Antique Cushions are closer to Step-Cut diamonds in the way they transform light. They don’t have the dreaded “crushed ice” look of Modern Cushions.
Antique Cushions are classified as Old Mine Brilliants on GIA lab reports.
The Old European (or simply European) Cut is a vintage Round Brilliant Cut. It became popular in the late 19th century when its predecessor, the Old Mine Cut, lost its Cushion shape and became round thanks to the invention of the bruting machine. The Old European Cut retained the rest of the Old Miner’s charms – the high crown, small table, and open culet.
The Modern Round Brilliant is a direct descendant of the European Cut. Both have the same round shape and 57 facets, not counting the culet. The proportions and angles have, however, changed drastically.
The current proportions of the Modern Brilliant inspired Marcel Tolkowsky, Henry Morse, and others to experiment with angles and facets searching for the ideal round cut.
Today, Old European Cut diamonds are found in vintage jewelry. They usually have poor symmetry and low color, and they are sometimes mistaken for antique cushions.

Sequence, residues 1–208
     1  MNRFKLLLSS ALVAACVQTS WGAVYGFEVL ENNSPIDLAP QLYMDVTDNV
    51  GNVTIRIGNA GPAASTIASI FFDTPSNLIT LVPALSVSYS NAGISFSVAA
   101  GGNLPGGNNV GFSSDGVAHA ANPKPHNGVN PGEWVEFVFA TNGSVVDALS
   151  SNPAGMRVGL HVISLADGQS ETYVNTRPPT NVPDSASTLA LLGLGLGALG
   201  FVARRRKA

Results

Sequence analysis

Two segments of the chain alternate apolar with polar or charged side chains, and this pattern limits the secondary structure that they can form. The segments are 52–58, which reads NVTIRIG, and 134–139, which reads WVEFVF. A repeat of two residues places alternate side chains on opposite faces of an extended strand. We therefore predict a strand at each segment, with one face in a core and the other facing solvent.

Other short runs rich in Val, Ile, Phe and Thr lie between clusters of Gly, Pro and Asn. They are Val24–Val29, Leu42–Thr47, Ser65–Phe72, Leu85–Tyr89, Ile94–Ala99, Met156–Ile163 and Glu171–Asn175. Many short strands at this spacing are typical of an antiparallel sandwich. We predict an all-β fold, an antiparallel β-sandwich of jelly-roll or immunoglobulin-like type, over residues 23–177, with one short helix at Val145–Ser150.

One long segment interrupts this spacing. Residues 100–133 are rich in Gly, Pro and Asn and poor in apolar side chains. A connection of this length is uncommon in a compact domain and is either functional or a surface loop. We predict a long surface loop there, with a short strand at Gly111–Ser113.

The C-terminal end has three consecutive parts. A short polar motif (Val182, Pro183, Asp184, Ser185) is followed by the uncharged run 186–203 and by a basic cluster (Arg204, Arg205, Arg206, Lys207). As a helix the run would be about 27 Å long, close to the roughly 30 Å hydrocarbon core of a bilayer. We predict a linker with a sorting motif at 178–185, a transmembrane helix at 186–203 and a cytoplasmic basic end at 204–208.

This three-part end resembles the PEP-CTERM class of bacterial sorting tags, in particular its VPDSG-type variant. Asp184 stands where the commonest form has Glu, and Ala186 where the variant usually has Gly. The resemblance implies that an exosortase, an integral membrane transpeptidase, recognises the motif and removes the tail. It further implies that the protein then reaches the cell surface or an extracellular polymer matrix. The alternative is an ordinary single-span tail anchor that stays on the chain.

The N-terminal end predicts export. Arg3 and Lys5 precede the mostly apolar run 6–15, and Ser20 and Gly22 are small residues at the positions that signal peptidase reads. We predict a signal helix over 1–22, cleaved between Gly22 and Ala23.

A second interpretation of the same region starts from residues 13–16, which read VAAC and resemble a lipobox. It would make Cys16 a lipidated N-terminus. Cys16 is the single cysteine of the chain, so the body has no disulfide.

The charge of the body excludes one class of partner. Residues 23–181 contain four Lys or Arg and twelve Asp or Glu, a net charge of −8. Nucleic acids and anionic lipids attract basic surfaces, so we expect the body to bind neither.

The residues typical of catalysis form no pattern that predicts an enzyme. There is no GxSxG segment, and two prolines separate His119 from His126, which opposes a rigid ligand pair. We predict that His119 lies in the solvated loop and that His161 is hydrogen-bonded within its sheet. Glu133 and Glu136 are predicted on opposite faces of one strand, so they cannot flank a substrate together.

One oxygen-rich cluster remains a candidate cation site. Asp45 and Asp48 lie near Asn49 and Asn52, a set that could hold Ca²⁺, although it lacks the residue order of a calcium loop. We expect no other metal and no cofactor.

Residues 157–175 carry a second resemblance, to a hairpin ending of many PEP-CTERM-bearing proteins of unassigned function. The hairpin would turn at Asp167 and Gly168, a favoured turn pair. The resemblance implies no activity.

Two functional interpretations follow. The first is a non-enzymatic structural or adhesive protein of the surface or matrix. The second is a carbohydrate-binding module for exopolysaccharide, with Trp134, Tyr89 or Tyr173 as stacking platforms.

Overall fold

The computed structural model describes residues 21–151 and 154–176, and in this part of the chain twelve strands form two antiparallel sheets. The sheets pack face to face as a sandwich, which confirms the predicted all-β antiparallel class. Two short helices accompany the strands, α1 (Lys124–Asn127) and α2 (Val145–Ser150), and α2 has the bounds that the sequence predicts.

Like its predecessor, the Old Miner, the Old European Cut features spectacular “inner fire” by design.
Back when warm, flickering candlelight illuminated the 19th-century ballrooms, the Old European’s dramatic inner fire was a diamond’s most desired property. In later decades, when wearing diamonds outdoors became common, the emphasis shifted to cuts that maximize brilliance rather than fire.
- Old European Cut diamonds have small tables and relatively high crowns.
- There is always an open, often a large culet. The culet size may vary, but it is usually large enough to be seen with a naked eye.
- The Old European diamonds are not perfectly round. Cutting diamonds by hand often resulted in an off-round shape.
- The girdle of the old-euro is usually bruted. Its frost-like appearance is different from the clear faceted girdle of a modern diamond.
A Round diamond has to meet 3 out of 4 benchmarks to be certified as an Old European Cut by the GIA:
-A table size of less than or equal to 53%,
-A crown angle of 40 degrees or more,
-A lower half facet length of 60% or less,
-An open culet.
GIA treats an Old European diamond as a fancy shape and does not evaluate its cut. However, Old Europeans are considered to be Round Brilliants in the diamond trade. The round shape is significantly more expensive than any fancy shape.
The first Brilliants, known as “Mazarins,” were introduced in the 17th century. Uniform diamond cuts did not exist until then, so each diamond had highly irregular shapes and a jumble of facets.